Even so, in order to imagine and build a better future than the one we seem confined by the current conservative and warm views, it becomes urgent to mobilize extraordinary talent of culture, science, technology, research and innovation, which is associated with a conviction and widespread adoption of changes, important and profound in all sectors of society, particularly in the way we think, act, produce and consume.
Having this in mind, it would be desirable to converge towards a new anthropocentric view that helps to rediscover the value of the person, its centrality in each process and the social, productive, political and cultural way of doing. A central role that draws on gender equality, reduction of all forms of exclusion and marginalization and push towards greater interaction and integration of knowledge and cultures, between technology and creativity, between sustainability and growth. At the same time, to put in a responsible way the issue of limits of development and their overcoming is no longer in terms of competitiveness and imbalance, but of cooperation, complementarity and subsidiarity.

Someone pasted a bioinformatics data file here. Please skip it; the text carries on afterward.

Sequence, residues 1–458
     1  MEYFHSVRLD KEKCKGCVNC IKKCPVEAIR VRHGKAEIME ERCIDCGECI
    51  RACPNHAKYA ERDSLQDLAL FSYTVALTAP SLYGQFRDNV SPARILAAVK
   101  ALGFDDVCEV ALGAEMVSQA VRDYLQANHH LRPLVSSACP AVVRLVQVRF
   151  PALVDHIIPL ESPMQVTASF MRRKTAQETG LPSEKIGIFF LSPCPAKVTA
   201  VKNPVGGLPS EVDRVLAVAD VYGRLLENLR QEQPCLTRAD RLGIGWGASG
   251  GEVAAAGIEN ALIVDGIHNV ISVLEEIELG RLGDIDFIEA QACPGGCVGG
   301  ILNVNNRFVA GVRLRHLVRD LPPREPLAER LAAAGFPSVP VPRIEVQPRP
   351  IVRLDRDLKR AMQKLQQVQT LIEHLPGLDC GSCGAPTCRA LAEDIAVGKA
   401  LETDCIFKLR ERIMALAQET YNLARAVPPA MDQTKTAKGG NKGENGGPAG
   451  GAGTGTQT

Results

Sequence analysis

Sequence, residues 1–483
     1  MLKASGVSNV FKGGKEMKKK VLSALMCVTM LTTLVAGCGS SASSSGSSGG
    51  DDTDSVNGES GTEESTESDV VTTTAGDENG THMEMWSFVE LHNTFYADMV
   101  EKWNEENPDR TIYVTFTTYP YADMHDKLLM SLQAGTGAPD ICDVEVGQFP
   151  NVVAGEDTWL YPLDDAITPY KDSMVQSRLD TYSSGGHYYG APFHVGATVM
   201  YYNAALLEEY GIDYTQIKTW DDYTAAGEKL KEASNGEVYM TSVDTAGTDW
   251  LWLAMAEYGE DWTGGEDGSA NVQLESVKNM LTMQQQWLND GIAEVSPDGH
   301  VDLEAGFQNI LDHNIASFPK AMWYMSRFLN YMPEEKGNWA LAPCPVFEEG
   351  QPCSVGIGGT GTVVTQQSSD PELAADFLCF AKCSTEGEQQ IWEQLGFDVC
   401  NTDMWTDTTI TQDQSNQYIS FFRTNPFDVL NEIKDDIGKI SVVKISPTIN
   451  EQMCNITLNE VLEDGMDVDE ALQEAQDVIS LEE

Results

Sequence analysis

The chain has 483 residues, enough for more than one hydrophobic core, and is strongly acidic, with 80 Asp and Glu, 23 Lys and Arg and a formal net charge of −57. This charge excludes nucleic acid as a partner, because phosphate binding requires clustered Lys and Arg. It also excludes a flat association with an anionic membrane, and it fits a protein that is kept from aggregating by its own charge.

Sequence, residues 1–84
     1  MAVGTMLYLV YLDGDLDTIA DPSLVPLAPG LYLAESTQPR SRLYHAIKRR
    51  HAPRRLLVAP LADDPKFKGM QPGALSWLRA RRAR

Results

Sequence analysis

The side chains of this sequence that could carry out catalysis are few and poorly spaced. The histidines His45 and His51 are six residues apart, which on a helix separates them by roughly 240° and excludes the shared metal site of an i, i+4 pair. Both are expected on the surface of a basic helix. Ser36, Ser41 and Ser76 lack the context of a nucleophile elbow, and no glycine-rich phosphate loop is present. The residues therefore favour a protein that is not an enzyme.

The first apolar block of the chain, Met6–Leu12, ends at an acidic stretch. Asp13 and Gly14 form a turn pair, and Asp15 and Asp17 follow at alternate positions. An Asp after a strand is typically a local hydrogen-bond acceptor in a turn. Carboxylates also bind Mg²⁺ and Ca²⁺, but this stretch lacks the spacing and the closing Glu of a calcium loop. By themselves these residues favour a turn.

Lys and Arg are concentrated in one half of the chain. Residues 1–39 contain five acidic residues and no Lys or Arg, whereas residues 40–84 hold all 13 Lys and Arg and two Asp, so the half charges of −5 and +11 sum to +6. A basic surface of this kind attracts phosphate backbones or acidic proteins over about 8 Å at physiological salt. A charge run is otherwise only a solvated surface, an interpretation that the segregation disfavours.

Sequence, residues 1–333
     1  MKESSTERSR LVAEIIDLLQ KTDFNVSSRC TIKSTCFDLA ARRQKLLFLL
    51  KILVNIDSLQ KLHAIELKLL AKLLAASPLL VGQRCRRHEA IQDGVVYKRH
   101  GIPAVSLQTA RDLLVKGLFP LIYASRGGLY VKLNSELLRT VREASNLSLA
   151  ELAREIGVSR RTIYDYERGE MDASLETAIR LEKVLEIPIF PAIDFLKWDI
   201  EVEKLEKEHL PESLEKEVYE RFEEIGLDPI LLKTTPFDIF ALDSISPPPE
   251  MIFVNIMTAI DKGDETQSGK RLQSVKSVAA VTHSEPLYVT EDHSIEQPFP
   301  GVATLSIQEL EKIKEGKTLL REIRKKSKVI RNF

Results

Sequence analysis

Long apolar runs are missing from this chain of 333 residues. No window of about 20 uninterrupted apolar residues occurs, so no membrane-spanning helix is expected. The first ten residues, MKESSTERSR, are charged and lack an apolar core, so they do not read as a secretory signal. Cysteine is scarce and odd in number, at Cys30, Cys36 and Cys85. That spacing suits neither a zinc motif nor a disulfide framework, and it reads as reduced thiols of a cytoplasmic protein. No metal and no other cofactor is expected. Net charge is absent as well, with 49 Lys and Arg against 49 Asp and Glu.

This is a policy option, even before planning science and technology, to bring and consolidate within an ecosystem that, in harmony and balance, can activate the levers for a season of a cultural, scientific and productive rebirth.
With this aim you could go back, having as reference the Renaissance – eventually to propose again – if applicable, because that was a period in which the centrality of the person and the exploitation of the potential and creativity formed the key elements of a deliberate strategy to assert a new social, economic, relationships organization.